Deception Detection

Deception detection is a structured analytical technique for examining the possibility that an intelligence source is attempting to deceive you. This is different from simple lie detection in that the individual deceiving an Intelligence Officer is usually backed up by a government or other adversary, rather than by their own self-interest. The information they give you will affect your analysis and so it is important to understand the reliability of that information.

There are a variety of factors to consider when exploring the potential for deception.


This refers to the idea that the information may strongly contradict other analysis. If you have to alter your key assumptions in order to trust the information, it may be incorrect.

On the same token, if accepting the information as true would shift the distribution of resources (such as by leading you to believe there was a hitherto unknown threat that is now critical or imminent) then you should also be cautious.

Motive, Opportunity and Means

Motive, opportunity and means refers to the reason that a source would deceive you (if any.) What opportunity do they have to provide you information that could be false and what means do they have to do this?

This is part of why you don’t allow information from a single source to affect your decision-making. Bayesian analysis is one way in which you can mathematically update a prediction on the basis of new information without succumbing to recency bias.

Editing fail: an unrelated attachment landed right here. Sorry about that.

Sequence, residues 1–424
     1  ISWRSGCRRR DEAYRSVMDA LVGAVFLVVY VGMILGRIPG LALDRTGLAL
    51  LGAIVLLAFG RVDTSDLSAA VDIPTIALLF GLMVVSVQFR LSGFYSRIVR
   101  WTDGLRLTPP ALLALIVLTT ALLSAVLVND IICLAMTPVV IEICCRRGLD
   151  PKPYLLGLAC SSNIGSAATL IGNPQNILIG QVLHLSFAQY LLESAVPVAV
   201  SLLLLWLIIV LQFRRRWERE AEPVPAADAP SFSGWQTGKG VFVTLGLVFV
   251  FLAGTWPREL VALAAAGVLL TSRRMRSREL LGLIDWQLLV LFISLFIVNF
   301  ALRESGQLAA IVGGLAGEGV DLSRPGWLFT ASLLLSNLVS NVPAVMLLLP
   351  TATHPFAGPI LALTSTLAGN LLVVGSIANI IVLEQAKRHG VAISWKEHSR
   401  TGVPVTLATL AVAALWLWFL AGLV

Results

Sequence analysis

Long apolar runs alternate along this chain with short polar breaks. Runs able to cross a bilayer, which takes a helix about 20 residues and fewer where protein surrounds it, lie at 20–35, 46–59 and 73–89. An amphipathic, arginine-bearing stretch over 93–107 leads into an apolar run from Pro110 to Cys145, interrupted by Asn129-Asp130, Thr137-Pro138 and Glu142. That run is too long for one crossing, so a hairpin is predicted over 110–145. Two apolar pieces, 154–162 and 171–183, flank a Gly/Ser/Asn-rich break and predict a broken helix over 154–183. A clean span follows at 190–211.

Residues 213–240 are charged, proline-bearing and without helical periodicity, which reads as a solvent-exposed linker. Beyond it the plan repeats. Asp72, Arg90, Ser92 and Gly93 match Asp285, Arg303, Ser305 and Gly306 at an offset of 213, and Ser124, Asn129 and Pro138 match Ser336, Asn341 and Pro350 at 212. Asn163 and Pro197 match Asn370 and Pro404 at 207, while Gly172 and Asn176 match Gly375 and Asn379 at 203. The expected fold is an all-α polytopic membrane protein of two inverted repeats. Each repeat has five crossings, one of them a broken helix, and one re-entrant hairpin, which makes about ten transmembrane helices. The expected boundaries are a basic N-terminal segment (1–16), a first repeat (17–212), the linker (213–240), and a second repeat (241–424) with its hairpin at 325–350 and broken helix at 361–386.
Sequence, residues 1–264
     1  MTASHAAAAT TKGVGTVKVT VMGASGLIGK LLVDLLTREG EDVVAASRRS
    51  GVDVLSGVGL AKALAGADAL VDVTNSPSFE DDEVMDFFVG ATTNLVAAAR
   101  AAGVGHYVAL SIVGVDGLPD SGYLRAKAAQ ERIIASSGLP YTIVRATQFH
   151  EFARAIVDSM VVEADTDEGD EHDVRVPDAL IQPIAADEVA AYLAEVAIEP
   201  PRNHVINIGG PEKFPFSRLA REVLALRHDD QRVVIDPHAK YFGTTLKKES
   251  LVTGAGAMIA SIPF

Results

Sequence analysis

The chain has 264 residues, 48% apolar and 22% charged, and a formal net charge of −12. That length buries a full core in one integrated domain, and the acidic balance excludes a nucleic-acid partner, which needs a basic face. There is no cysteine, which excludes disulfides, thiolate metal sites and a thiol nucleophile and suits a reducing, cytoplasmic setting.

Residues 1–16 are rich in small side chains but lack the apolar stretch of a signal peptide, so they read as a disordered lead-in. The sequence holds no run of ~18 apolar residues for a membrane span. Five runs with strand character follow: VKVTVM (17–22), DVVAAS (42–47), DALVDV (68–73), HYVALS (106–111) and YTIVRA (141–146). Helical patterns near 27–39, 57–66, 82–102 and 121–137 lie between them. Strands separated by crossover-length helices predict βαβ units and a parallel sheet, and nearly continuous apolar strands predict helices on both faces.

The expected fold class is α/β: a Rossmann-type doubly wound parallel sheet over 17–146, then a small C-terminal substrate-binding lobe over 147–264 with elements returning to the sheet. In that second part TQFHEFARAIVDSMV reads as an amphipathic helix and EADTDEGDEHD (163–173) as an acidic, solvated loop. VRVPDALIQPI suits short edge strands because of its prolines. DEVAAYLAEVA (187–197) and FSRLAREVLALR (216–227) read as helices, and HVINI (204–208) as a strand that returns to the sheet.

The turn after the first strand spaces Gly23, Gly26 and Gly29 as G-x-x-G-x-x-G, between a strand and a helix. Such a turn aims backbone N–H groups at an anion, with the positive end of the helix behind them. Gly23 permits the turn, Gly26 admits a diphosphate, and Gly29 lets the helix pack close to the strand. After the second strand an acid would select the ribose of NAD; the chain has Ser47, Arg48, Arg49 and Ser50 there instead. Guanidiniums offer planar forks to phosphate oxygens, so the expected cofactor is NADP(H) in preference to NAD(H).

Does the person giving you the information have a history of deception? If they have been reliable in the past it increases the likelihood they are being reliable now.

On the other hand, if they have deceived you in the past, they may be deceiving you now. If they are unproven or have not established their bona fides with you, then caution should be exercised.


Responsiveness is the idea that there might be a way to tell if the deception information is being processed or changing the actions of another player. An example of this is the case of Royal Canadian Navy Intelligence Officer Jeffrey Delisle who gave information on, among other things, the movement of Canadian naval vessels to Russia.

In order to prove that this was occurring himself and several others suspected of being the leak were given conflicting information about upcoming troop movements. Counterintelligence watched to see what Russian ships responded to. When they saw where they moved (in response to where they thought Canadian ships would be moving) they had a strong piece of evidence implicating Delisle.


Is the information being received coming at a critical time? This may increase the chances it is being used to affect a strategic outcome. If the receiver or sender of the information has a lot to gain or lose by believing the information, the chances increase that you are being deceived.


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